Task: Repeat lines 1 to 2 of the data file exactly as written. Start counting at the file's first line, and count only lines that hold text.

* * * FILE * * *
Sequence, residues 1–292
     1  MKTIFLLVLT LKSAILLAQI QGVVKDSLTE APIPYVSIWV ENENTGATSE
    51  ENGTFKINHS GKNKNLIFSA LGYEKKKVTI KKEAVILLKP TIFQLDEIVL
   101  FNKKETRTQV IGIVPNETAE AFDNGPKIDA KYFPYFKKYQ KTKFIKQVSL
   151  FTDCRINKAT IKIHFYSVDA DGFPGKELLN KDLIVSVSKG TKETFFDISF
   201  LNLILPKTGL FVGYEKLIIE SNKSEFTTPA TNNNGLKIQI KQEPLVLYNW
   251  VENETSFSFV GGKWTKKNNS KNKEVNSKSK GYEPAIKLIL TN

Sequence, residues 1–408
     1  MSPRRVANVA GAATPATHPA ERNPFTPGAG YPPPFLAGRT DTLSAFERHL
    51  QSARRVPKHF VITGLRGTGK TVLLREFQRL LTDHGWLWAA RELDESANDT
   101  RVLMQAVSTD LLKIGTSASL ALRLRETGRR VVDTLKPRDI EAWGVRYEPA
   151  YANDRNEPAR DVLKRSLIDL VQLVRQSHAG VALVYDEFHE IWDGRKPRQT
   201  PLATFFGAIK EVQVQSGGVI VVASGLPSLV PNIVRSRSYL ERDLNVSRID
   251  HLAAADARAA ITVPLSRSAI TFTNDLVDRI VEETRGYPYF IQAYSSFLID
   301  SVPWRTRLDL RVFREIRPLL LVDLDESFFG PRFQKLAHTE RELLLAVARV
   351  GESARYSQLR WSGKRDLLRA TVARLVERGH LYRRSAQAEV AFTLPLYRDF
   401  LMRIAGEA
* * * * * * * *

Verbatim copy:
Sequence, residues 1–292
     1  MKTIFLLVLT LKSAILLAQI QGVVKDSLTE APIPYVSIWV ENENTGATSE